Innovating for Women: Gender equality and food security

Innovations addressing gender inequality while targeting food security are our best chance to achieve Zero Hunger

By Vida Gabe

The world has a gender problem, and that also applies to the 690 million people facing food insecurity in the world right now; 60 percent are women and girls. In 10 out of 17 countries women are more likely than men to experience food insecurity. This means that if we want to achieve a world with Zero Hunger, we also need to achieve gender equality and we have to involve women in the process.

“A world with Zero Hunger can be achieved only when everyone has equal opportunities, equal access to resources, and equal voice in the decisions that shape their households, communities and societies.” — WFP Gender Policy, 2015–2020

Women comprise more than half of all hungry people around the world and they are an integral part of our food systems. In rural areas of developing countries, 60 percent of women in South Asia and sub-Saharan Africa work in agriculture. Yet, compared to men, women have less access to the primary resources and services needed for food production such as land, finance, training, inputs and equipment.

This is where innovation can make an impact. Innovation projects that provide women support and involve them in decision-making move us closer to a world without hunger simply because they’re aimed at reaching the most vulnerable population — and the people with the greatest potential to make a difference.

In honour of International Women’s Month, we’re highlighting not only the women who are leading change in WFP operations, we’re also featuring some of the WFP Innovation Accelerator-supported projects that are pulling double duty. From Asia and Africa, to the Middle East and South America, these innovation projects are addressing food security while helping to bridge the gender gap.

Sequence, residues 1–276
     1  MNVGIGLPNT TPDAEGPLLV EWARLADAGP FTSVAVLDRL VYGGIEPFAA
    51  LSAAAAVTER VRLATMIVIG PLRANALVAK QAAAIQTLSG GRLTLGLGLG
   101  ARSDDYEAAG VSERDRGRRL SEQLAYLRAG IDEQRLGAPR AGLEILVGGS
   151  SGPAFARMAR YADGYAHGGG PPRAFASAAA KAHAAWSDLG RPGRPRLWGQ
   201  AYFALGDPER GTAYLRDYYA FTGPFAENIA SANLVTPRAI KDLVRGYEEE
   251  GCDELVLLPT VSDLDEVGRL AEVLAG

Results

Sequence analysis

CBT Cashback in Bangladesh

CBT CashBack (Bangladesh)

CBT CashBack offers pregnant women and mothers the chance to purchase nutritious food from partner shops using a mobile app. The programme is conducted in partnership with local social protection organizations in Dhaka and encourages healthy food consumption by rewarding users who spend money on ingredients from all the five food groups with cash-back reimbursements equivalent to 25 percent of the money that they spend. Tracking user spending habits through the app’s cloud-based data records provides the ability to adjust and personalize messages to encourage positive behaviour.

Eco-Friendly Cold Storage in Kenya

Eco-Friendly Cold Storage (Kenya)

Led by a Kenyan university professor, her team, and the WFP Kenya Country Office, Eco-Friendly Cold Storage tests innovative approaches to enable women retailers to use affordable, off-grid cold storage technology. The solution is expected to increase the availability of fresh fruits and vegetables in and beyond the refugee settings in remote markets. It’s also aiming to reduce post-harvest losses and generate income for women retailers.

Last Mile Ecosystem in Tunisia

Last Mile Ecosystem (Tunisia)

Seventy-three million schoolchildren in 60 low-income countries go to school hungry while 400 to 550 million smallholder farmers have unequal access to sustainable markets and transportation. Last Mile Ecosystem offers a solution to both these problems with a digital tool that connects female smallholder farmers, central kitchens, and drivers in a digital community ecosystem; all of which are positioned to improve the diets of school-aged children.

Producers Direct in Peru

Producers Direct (Peru)

Producers Direct is a blockchain tool that creates digital farming co-ops, specifically for female smallholder farmers and youth who have limited access to job opportunities in food value chains. The project is training participants in topics such as cooperatives and access to markets, and creating a system to aggregate the farmers’ produce and connect the farmers to markets. It is expected to strengthen access to markets for the long term, thus increasing financial independence, food security and incomes.

The WFP Innovation Accelerator sources, supports and scales high-potential solutions to end hunger worldwide. We provide WFP staff, entrepreneurs, start-ups, companies and non-governmental organizations with access to funding, mentorship, hands-on support and WFP operations.

Find out more about us: innovation.wfp.org. Subscribe to our e-newsletter. Follow us on Twitter and LinkedIn and watch our videos on YouTube.

Sourcing, supporting and scaling high-impact innovations to disrupt hunger.